This article was produced for AMEDD by Scientific American Custom Media, a division separate from the magazine’s board of editors.

Oct 14, 2021

Much ‘Artificial Intelligence’ Is Still People Behind a Screen

Posted by in categories: information science, mobile phones, robotics/AI

AI startups can rake in investment by hiding how their systems are powered by humans. But such secrecy can be exploitative.

The nifty app CamFind has come a long way with its artificial intelligence. It uses image recognition to identify an object when you point your smartphone camera at it. But back in 2015 its algorithms were less advanced: The app mostly used contract workers in the Philippines to quickly type what they saw through a user’s phone camera, CamFind’s co-founder confirmed to me recently. You wouldn’t have guessed that from a press release it put out that year which touted industry-leading “deep learning technology,” but didn’t mention any human labelers.

The practice of hiding human input in AI systems still remains an open secret among those who work in machine learning and AI. A 2019 analysis of tech startups in Europe by London-based MMC Ventures even found that 40% of purported AI startups showed no evidence of actually using artificial intelligence in their products.

Oct 14, 2021

Turns Out, You Can Charge a Phone With Water. But How Much Does It Take?

Posted by in category: mobile phones

Have you ever wondered how much water is needed to charge an iPhone? Probably not, because it takes electricity to charge a phone, not water. But, say if you had a hydraulic generator, you could be able to generate some electricity using only your garden hose. That is precisely what is being done in a video by the YouTube channel The Action Lab

The owner of the channel, James Orgill, demonstrates the power output of his setup, and how the voltage output goes up as he increases the water flow. The power that comes straight out of the generator is AC power, so he connects a full bridge rectifier to the output to convert it to DC. He makes sure the generated voltage is 12V at maximum by adjusting the flow, to prevent the iPhone from frying.

Continue reading “Turns Out, You Can Charge a Phone With Water. But How Much Does It Take?” »

Oct 10, 2021

It’ll Soon be Possible to Make Satellite Phone Calls With Your Regular Phone

Posted by in categories: mobile phones, space

Not all who wander are lost – but sometimes their cell phone reception is. That might change soon if a plan to project basic cell phone coverage to all parts of the globe comes to fruition. Lynk has already proven it can use a typical smartphone to bound a standard SMS text message off a low-earth-orbiting satellite, and they don’t plan to stop there.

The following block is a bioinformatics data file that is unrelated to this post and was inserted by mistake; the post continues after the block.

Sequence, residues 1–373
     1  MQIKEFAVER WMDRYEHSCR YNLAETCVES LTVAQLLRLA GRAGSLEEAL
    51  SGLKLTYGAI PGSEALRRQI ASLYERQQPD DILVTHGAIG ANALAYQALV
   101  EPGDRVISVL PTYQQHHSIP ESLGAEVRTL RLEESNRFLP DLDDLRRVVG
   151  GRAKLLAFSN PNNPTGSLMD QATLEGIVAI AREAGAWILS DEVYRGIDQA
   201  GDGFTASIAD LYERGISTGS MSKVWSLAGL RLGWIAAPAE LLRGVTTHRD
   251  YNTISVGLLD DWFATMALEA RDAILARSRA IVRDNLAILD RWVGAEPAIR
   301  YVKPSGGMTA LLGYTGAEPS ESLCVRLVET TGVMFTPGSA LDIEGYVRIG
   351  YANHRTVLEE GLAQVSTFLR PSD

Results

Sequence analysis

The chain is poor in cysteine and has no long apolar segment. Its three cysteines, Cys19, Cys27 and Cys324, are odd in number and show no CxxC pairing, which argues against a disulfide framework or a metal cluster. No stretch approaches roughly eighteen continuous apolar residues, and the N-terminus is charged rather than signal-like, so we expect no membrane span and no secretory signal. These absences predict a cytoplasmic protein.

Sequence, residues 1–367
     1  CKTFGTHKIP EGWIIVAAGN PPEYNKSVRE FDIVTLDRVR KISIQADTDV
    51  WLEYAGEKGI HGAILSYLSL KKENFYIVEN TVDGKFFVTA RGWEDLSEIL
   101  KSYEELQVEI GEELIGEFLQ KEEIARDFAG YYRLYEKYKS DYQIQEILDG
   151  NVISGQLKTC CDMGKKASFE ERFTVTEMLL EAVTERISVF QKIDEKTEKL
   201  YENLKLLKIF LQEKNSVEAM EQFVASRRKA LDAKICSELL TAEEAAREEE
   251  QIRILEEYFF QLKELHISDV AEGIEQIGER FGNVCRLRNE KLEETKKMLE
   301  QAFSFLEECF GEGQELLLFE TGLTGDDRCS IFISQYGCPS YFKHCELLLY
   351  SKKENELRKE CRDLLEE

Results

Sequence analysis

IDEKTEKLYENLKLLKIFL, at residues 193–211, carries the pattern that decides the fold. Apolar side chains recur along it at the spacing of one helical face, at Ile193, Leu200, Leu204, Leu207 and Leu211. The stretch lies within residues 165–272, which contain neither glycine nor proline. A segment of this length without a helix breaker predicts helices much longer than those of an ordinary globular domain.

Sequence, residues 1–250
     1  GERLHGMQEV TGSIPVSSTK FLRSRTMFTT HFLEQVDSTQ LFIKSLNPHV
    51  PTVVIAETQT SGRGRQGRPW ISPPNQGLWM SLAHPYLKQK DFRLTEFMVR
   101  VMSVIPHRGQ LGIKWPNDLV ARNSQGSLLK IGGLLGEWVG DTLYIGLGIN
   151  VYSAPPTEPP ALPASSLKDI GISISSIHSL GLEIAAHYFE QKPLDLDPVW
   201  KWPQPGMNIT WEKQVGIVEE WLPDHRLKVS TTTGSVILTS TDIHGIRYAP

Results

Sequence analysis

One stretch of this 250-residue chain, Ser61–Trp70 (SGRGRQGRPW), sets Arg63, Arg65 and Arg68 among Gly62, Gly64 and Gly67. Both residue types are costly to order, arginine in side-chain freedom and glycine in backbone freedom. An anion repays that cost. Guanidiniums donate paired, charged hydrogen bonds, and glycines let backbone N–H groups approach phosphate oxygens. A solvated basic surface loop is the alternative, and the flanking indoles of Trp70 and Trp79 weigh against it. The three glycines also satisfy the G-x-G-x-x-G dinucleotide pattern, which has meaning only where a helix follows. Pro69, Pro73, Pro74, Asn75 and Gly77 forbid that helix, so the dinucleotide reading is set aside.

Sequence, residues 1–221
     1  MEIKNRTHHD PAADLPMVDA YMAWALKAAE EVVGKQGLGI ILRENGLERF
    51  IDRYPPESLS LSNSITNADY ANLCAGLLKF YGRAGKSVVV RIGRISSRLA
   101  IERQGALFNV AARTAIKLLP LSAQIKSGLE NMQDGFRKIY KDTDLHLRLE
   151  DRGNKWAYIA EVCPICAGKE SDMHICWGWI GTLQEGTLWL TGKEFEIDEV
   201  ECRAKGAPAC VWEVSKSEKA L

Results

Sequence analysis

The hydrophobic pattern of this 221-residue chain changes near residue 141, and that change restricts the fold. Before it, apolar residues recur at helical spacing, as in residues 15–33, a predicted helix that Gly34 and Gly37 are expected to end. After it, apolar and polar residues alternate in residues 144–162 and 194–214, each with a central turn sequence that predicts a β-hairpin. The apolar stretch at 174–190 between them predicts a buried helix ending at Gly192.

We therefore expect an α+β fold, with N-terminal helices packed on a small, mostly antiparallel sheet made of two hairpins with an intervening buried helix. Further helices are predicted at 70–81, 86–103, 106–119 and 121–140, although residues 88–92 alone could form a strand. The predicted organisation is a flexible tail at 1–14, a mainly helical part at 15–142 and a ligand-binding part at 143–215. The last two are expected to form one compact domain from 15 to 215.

Formerly known as Ubiquitilink, Lynk was founded a few years ago by Nanoracks founder Charles Miller and his partners but came out of “stealth mode” as a start-up in 2019. In 2020 they then used a satellite to send an SMS message from a typical smartphone, without requiring the fancy GPS locators and antennas needed by other, specially made satellite phones.

Continue reading “It’ll Soon be Possible to Make Satellite Phone Calls With Your Regular Phone” »

Oct 8, 2021

How AI as a service is remaking the world of smart gadgets

Posted by in categories: mobile phones, robotics/AI

Can the AI as a service paradigm curb big tech’s tendency towards iterative hardware? Perhaps it’s time we moved beyond the iPhone model.

Oct 3, 2021

MIT’s new AI can make holograms in real-time

Posted by in categories: holograms, mobile phones, robotics/AI

MIT trained an AI to generate photorealistic holograms in milliseconds using just the processing power of a smartphone.

Oct 3, 2021

What Is 6G?

Posted by in category: mobile phones

As 5G is deployed in the next several years, engineers and policymakers must start thinking about a 6G in the decade ahead. For example, the Center for Tech Diplomacy at Purdue is launching a task force on “Roadmap to 6G” in October, with participation from Cisco, Dell, Ericsson, Intel, Nokia, Qualcomm, and other partners. We don’t know exactly how 6G will turn out, but we get to shape it today.

With the current speed of 5G phones not quite as advertised — and it will take some time to get even close — some may wonder why we need to already think about the next generation.